Jalen Brunson’s Most Improved Player candidacy revolves around his favorite stat: wins

Since he probably can’t win the statistical battle against Lauri Markkanen or Shai Gilgeous-Alexander, the best argument for Jalen Brunson as the NBA’s Most Improved Player boils down to this:

Leadership and impact on winning.

Tom Thibodeau loves to use those phrases when describing Brunson, and they’re appropriate. Between last year’s plunge to the draft lottery and this year’s ascension to 13 games over .500, the biggest difference, by far, is the acquisition of Brunson.

And after he was snubbed for the All-Star team – a decision from the NBA coaches that has looked worse over time – Brunson’s best hope for a major postseason award is M.I.P.

Just don’t expect the point guard, who often deflects attention away from himself, to campaign very hard.

“It’s a unique award,” Brunson told the Daily News. “It’s not something I’m really focused on 100 percent. I don’t really think about it but if it’s something I win or achieve, I’ll be very thankful. But it’s not on the forefront of my mind.”

To make a case with numbers, Brunson’s scoring average rose from 16.3 last season to 24. His assists jumped from 4.8 to 6.2. His 3-point percentage increased along with the volume of attempts. He is second among qualifying players for charges drawn per game.

Most importantly, the Knicks went from 37 wins last year to 45 and counting while Brunson went from Luka Doncic’s running mate in Dallas to the beating heart of his new team. Leon Rose gambled a $104 million contract that Brunson would improve with more responsibility and, today, it looks like a Knicks heist.

“I think the one thing when you look at him, wherever he’s been, whether it was high school, college, the pros, there’s been significant jumps every season,” Thibodeau said. “And that’s a testament to him and his willingness to grow and learn and work. His work ethic is off the charts. …He’ll get better every year. And so we were confident that he could do this. …He’s improved his scoring by eight points a game. He’s taking twice as many threes. He’s shooting almost 42% from three. He’s getting to the line, he’s doubled his free throw attempts.  There’s significant things that he’s done. But I would say the most important thing is what he’s contributed to winning. And that’s always been his biggest attribute.”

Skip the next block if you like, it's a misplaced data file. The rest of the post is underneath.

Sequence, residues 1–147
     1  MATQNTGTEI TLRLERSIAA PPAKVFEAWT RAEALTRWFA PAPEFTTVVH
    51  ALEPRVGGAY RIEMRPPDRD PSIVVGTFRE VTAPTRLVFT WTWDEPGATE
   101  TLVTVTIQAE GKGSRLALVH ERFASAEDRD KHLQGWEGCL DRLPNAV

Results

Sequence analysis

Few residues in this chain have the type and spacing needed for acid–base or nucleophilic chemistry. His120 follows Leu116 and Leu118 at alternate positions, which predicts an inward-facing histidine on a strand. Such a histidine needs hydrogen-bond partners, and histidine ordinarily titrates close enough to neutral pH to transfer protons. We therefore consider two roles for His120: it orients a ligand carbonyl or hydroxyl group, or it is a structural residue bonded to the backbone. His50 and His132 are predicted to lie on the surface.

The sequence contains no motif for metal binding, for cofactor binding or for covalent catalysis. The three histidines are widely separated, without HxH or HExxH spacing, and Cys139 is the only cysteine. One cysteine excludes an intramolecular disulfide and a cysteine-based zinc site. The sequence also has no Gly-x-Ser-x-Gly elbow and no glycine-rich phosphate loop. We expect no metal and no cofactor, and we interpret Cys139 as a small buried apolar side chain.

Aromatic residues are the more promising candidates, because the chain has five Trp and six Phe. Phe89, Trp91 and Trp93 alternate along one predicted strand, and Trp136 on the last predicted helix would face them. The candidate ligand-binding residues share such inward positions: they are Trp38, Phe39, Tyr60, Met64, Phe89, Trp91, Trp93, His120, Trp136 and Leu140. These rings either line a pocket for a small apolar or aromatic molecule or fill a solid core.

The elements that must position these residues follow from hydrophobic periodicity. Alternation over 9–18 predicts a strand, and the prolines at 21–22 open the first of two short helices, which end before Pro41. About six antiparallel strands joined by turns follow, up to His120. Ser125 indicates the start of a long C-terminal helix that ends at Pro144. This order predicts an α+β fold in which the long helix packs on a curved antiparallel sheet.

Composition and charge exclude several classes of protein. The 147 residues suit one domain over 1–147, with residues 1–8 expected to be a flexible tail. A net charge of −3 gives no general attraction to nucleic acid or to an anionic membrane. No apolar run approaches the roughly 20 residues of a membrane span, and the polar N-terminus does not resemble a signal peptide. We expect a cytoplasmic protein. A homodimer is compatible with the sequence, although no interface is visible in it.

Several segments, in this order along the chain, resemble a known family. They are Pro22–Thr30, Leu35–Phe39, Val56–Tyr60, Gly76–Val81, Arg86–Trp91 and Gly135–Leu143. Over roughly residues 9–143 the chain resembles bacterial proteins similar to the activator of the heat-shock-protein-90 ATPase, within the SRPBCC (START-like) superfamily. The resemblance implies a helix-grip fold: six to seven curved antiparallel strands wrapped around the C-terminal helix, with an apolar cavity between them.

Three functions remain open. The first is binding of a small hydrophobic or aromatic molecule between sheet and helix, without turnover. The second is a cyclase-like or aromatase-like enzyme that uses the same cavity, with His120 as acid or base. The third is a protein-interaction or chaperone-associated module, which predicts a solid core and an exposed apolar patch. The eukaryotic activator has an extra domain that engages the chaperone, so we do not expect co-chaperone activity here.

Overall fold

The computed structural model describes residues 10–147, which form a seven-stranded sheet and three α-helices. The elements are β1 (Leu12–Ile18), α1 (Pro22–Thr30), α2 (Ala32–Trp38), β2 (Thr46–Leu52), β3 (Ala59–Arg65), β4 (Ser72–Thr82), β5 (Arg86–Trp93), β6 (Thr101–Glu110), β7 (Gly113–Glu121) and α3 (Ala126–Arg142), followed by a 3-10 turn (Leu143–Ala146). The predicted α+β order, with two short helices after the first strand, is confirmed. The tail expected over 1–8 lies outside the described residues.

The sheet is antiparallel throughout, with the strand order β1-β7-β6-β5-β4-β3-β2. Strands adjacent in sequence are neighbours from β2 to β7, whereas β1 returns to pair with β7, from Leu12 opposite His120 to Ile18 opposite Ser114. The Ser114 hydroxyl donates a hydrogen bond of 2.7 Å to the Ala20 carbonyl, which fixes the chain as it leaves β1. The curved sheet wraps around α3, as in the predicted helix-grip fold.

The question of Brunson’s MIP candidacy is also about opportunity. Did Brunson really improve or did he just have the ball in his hands more often after leaving Luka Doncic? Does it matter? Markkanen, a leading candidate for the award, fits into the same box because he swapped a supporting role in Cleveland to  the lead option in Utah. Markkanen’s statistical improvements are more dramatic (most notably, from 14.8 points per game to 25.6). Brooklyn’s Mikal Bridges is another candidate whose big jump coincided with a team change.

Gilgeous-Alexander is different because he improved with the same team, the Thunder, jumping from 24.5 points per game to 31.

Brunson’s advantage is that the Knicks are headed to the playoffs, while the teams of Markkanen and Gilgeous-Alexander are under .500.

The Nets will be in the postseason but had a better record before trading for Bridges.

“He didn’t have the opportunity in Dallas, obviously for good reason,” Josh Hart told the News about Brunson. “He had a heckuva player down there (Doncic). He’s had a bigger role here, a bigger opportunity. And he’s just stepped it up. That’s a testament to all the work he’s put in before and it’s just the kind of person he is, the player he is. So I’m sure how they do all the Most Improved. But he should be in that conversation. Not just because of the stats, the numbers he’s putting up. But also the success of the team.”

Brunson, meanwhile, said he’s improved the most in one category: “Consistency.”

“Going into every summer, I don’t think of one thing I need to work on,” he said. “I think about how I can be more consistent in all aspects of my game.”


2022: Ja Morant (Grizzlies)

2021: Julius Randle (Knicks)

2020: Brandon Ingram (Pelicans)

2019: Pascal Siakam (Raptors)

2018: Victor Oladipo (Pacers)

2017: Giannis Antetokounmpo (Bucks)

2016: CJ McCollom (Blazers)

2015: Jimmy Butler (Bulls)

2014: Goran Dragic (Suns)

2013: Paul George (Pacers)


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